Detective Brown went to the railroad station, accompanied by two undercover officers, to apprehend Ms. Greene. Upon arriving at the station, the officers saw a woman who matched the caller's description sitting in a telephone booth. The detective then identified himself as a policeman and showed Ms. Greene his badge. After Ms. Greene identified herself and indicated that she knew Mary Edwards, Detective Brown placed her under arrest on charges of attempted arson, reckless endangerment, criminal mischief and harassment.
Detective Brown then forcibly removed Ms. Greene from the telephone booth, flagged down a passing police car and took Ms. Greene to the 78th precinct for booking. This forcible removal was necessitated as Ms. Greene did not believe the Detective's representations that he was a police officer. While Ms. Greene was at the precinct, Mary Edwards came to the station and signed a formal complaint.
Ms. Greene was arraigned the next day and was held on $ 250 bail which she was unable to post. An indictment charged Ms. Greene with four counts, two counts of criminal mischief in the fourth degree and two counts of harassment.
On August 15, 1979, a hearing was held before Judge Fuchs in the Brooklyn Criminal Court. Over objections of the Assistant District Attorney, Judge Fuchs dismissed all four counts "in the interests of justice" pursuant to Section 170.40 of the New York State Criminal Procedure Law. The dismissal was ordered by Judge Fuchs because he had determined that even if Ms. Greene were found guilty on all four counts, he would not sentence her to any additional time since Ms. Greene has already been incarcerated for 100 days pending trial.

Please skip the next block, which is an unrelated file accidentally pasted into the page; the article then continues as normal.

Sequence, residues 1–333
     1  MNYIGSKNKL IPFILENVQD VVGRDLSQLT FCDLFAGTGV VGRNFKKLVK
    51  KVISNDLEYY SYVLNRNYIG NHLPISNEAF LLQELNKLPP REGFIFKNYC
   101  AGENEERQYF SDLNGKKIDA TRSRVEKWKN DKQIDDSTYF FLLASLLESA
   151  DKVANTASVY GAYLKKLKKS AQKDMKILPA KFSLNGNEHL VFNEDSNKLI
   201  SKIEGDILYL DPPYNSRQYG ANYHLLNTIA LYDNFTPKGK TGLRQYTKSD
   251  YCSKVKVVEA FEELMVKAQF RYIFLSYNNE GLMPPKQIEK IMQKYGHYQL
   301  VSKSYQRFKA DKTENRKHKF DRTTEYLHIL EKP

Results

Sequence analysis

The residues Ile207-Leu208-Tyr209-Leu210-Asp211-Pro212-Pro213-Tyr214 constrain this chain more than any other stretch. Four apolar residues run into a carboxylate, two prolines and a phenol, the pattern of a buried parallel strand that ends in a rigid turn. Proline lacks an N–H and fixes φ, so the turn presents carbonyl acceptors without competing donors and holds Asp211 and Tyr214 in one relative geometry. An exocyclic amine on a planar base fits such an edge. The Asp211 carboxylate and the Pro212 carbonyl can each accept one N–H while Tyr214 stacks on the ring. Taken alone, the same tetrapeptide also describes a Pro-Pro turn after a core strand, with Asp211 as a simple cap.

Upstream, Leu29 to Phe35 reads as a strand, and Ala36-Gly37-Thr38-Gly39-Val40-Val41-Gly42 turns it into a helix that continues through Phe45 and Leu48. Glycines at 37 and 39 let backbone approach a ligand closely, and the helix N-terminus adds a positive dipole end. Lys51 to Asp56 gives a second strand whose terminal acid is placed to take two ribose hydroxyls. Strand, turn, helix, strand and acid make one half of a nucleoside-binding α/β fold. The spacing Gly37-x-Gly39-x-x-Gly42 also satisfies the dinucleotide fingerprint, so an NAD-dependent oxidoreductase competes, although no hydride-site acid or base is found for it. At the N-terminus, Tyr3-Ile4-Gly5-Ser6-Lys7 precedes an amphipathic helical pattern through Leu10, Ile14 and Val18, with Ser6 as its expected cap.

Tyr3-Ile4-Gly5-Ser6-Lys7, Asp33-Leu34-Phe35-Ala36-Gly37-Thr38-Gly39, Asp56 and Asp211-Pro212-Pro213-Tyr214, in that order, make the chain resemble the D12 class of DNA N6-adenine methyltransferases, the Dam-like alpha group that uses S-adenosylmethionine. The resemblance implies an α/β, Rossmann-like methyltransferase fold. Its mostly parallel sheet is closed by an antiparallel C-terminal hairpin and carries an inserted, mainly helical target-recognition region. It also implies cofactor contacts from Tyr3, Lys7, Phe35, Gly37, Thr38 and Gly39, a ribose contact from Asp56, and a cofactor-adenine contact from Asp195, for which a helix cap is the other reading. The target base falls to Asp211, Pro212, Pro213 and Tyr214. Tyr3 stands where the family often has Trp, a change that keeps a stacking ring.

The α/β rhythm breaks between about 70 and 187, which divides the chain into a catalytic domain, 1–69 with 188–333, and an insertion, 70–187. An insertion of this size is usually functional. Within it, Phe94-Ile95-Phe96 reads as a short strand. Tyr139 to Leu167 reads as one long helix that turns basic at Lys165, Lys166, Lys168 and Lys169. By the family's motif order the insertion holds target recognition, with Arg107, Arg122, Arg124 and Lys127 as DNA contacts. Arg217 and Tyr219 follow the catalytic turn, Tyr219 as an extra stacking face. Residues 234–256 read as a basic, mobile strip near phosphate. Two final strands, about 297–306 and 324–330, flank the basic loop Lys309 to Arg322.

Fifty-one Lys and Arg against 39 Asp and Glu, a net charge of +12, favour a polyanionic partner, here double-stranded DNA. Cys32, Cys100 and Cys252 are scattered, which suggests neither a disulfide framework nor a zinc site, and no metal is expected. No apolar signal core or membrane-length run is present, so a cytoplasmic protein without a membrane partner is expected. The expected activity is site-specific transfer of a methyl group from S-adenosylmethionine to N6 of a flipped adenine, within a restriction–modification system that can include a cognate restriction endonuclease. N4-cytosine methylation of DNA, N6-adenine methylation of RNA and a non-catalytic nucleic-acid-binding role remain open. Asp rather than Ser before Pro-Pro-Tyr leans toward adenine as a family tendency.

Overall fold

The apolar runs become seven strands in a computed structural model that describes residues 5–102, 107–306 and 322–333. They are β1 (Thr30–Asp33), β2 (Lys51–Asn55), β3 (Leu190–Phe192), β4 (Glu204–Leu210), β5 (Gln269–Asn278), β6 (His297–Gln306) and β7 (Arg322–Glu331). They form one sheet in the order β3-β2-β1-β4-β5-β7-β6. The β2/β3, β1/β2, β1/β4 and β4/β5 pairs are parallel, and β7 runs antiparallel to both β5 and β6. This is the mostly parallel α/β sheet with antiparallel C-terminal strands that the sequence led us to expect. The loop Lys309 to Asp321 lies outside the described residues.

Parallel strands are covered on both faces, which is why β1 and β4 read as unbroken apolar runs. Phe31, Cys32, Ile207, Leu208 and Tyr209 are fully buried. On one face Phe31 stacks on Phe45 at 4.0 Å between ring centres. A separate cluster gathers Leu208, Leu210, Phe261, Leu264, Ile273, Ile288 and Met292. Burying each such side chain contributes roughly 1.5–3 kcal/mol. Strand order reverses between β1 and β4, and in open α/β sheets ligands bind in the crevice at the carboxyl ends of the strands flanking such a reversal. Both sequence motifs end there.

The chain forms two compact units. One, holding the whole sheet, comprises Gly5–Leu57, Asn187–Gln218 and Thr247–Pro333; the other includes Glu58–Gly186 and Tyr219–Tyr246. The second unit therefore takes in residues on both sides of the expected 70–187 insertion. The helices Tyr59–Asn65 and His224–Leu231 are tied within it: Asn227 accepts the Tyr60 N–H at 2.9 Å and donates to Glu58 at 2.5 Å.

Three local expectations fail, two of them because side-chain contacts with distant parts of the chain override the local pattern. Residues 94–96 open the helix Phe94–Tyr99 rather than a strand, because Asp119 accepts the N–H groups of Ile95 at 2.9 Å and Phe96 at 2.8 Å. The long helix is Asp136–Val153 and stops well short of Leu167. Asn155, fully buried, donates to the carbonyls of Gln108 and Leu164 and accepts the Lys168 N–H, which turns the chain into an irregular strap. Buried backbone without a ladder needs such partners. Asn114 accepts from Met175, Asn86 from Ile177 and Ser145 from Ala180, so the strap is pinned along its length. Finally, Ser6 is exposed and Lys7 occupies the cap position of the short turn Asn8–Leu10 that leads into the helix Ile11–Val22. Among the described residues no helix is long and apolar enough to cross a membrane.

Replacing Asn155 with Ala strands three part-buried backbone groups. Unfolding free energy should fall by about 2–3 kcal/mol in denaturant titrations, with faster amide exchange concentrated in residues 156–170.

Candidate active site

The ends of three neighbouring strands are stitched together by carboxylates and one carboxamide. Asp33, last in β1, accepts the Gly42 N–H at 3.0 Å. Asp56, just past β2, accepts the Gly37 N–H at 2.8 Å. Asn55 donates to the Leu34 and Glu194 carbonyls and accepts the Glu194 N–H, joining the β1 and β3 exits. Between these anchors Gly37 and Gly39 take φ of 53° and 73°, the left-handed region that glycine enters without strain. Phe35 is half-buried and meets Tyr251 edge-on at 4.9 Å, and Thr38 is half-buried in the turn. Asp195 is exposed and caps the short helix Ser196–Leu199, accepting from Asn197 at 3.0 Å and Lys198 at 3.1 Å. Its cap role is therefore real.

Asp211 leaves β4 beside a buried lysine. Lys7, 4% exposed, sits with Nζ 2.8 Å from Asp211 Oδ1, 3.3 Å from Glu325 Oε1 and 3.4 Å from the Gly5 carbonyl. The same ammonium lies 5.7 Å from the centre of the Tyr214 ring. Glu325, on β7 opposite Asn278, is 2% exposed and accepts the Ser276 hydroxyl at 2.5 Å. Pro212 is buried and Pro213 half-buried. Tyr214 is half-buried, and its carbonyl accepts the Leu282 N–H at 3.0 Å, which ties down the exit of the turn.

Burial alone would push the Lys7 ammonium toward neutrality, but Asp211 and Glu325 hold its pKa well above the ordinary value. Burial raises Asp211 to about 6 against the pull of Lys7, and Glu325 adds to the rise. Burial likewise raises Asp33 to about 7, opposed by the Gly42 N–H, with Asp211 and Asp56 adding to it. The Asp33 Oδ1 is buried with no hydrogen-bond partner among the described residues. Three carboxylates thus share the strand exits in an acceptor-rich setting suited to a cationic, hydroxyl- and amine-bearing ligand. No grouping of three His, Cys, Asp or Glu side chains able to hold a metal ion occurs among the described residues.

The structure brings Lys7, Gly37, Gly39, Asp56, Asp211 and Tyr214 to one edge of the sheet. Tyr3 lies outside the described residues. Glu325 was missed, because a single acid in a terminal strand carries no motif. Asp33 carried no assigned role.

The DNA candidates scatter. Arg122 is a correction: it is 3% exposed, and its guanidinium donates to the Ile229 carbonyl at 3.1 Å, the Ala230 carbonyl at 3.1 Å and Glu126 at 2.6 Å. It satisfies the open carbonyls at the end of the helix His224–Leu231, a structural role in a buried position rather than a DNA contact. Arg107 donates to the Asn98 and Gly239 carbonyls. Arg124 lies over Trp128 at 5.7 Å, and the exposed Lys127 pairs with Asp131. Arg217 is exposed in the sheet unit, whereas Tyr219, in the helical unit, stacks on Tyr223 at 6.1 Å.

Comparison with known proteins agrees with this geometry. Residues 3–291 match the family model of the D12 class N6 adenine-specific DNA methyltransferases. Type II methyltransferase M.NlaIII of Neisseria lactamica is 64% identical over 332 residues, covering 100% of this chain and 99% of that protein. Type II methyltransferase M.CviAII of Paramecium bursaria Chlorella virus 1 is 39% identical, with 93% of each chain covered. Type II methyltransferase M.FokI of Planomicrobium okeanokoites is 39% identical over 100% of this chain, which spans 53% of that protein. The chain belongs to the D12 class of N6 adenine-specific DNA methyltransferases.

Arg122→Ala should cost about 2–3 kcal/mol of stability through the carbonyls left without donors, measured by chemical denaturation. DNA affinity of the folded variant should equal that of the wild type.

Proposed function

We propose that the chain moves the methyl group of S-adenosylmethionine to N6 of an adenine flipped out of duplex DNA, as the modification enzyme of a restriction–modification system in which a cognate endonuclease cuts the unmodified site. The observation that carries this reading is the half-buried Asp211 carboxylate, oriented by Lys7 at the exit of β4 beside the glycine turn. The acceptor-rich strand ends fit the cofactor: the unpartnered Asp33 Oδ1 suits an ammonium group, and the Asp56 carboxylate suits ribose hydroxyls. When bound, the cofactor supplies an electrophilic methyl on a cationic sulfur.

II. The Law
The requirements for a cause of action under 42 U.S.C. § 1985 are twofold. First, the plaintiff must establish that there was a conspiracy to violate her constitutional rights. Second, that there be some racial or other class-based discriminatory animus behind the conspirators' actions. Griffin v. Breckenridge, 403 U.S. 88, 102, 91 S. Ct. 1790, 1798, 29 L. Ed. 2d 338 (1971); Morpurgo v. Board of Education in City of New York, 423 F. Supp. 704, 711 (S.D.N.Y.1976). The plaintiff's complaint is devoid of any such allegations.
All that is presented are vague and conclusory statements concerning some ubiquitous conspiracy in which Detective Brown is alleged to be a member. Such statements are insufficient to state a claim under the civil rights laws. Griffin v. Breckenridge, 403 U.S. at 102, 91 S. Ct. at 1798; Powell v. Jarvis, 460 F.2d 551, 553 (2d Cir. 1972); Morpurgo v. Board of Higher Education in City of New York, 423 F. Supp. at 711. Judge Weinfeld's findings in Morpurgo are equally applicable here:
Although plaintiff has made some minimal effort to set forth the interrelationships of the alleged co-conspirators and the parameters of the conspiracy, she has done so by way of freewheeling and speculative allegations and has failed ... to allege any facts that could give rise to a reasonable inference of a conspiracy. Id. (footnotes omitted).
B. The Police Department